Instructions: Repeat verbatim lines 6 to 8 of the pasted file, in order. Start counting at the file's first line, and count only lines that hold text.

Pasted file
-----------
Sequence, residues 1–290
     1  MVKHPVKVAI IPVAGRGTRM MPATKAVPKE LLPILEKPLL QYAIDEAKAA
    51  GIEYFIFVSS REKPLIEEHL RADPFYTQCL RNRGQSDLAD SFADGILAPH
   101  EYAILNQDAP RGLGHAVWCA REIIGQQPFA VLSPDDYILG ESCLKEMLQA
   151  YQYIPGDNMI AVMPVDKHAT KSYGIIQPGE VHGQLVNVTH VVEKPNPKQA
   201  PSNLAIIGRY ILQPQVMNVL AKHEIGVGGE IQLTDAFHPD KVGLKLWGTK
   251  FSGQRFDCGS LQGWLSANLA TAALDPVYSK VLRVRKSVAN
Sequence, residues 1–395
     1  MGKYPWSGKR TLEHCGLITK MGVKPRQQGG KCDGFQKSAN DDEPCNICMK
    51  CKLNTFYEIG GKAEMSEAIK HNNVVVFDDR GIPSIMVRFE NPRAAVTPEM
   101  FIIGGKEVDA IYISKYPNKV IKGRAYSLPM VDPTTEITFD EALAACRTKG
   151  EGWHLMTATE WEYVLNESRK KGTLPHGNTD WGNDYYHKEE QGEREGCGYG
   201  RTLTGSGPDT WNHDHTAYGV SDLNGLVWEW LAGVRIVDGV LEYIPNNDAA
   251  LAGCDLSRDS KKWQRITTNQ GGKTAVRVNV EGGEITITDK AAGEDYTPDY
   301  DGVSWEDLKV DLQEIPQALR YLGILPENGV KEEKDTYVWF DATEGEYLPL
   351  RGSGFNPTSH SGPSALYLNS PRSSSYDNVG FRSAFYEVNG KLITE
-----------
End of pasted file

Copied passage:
   201  PSNLAIIGRY ILQPQVMNVL AKHEIGVGGE IQLTDAFHPD KVGLKLWGTK
   251  FSGQRFDCGS LQGWLSANLA TAALDPVYSK VLRVRKSVAN
Sequence, residues 1–395